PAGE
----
Building on the success of our dissertation boot camps last summer, we planned our Writers’ Retreats around a very simple premise. Here’s the blurb we used to publicize them:
“It’s time to make substantial progress with your major writing project. And time is exactly what our writer’s retreats offer. Ditch the distractions and join a group of others all motivated to do one thing: putting hands on the keyboard and words on the page. Build your writing momentum with our February retreat. End the semester strong with our April retreat.
Retreat participants will engage in brief goal-setting exercises followed by time to write in various spaces provided by the Writing Center, with Writing Center staff on hand for consultation.”
In the vast majority of our workshops as a writing center, we have something to teach. We bring writers around a common or a tricky genre and help them see their way through it, offering guiding principles, dissecting models, and otherwise building up a base of knowledge and comfort that helps participants start a draft or take the next step with one. The Writers’ Retreat is different. In many ways, the more we stay out of the way and the less we say, the better. At most, we prompt participants to articulate some goals for themselves in the opening minutes of the retreat and then encourage accountability by having them share those goals in small groups. Writers can choose to have a quick 15-20 minute conversation with one of the Writing Center staff on hand to talk through a block, think through an idea, or get a fresh pair of eyes on something they’ve just written. Otherwise, though, our remaining interaction is to gather everyone together at the end of four hours for a chance to report and reflect on what they achieved.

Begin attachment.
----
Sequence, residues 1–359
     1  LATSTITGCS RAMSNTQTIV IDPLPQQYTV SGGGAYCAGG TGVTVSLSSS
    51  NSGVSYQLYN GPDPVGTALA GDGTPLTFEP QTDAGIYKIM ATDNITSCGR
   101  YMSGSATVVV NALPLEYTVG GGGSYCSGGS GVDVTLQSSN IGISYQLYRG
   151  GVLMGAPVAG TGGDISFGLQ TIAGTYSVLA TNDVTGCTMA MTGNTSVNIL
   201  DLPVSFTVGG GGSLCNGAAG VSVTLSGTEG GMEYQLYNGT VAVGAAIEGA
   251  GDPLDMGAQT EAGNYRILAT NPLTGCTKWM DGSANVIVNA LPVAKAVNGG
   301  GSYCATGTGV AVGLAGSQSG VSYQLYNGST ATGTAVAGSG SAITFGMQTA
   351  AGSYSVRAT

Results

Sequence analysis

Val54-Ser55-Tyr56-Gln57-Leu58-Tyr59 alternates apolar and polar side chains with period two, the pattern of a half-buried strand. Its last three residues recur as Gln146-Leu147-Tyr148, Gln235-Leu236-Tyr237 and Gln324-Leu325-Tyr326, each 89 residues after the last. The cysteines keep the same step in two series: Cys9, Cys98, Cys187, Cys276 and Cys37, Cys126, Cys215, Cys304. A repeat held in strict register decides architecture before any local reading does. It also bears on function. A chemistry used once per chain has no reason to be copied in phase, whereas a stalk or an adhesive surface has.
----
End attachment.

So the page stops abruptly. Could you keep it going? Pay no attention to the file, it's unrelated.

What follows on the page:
But while every single participant in the retreat could have done the same thing in a quiet corner of the library (minus the consultations) without the opening and closing group circle-up, they chose to attend our retreat instead. And to sign up for the next one. And to ask for more of these to be held on a regular basis. And to form their own spin-off writing groups (I’m aware of at least three) that meet elsewhere on a regular basis in the meantime.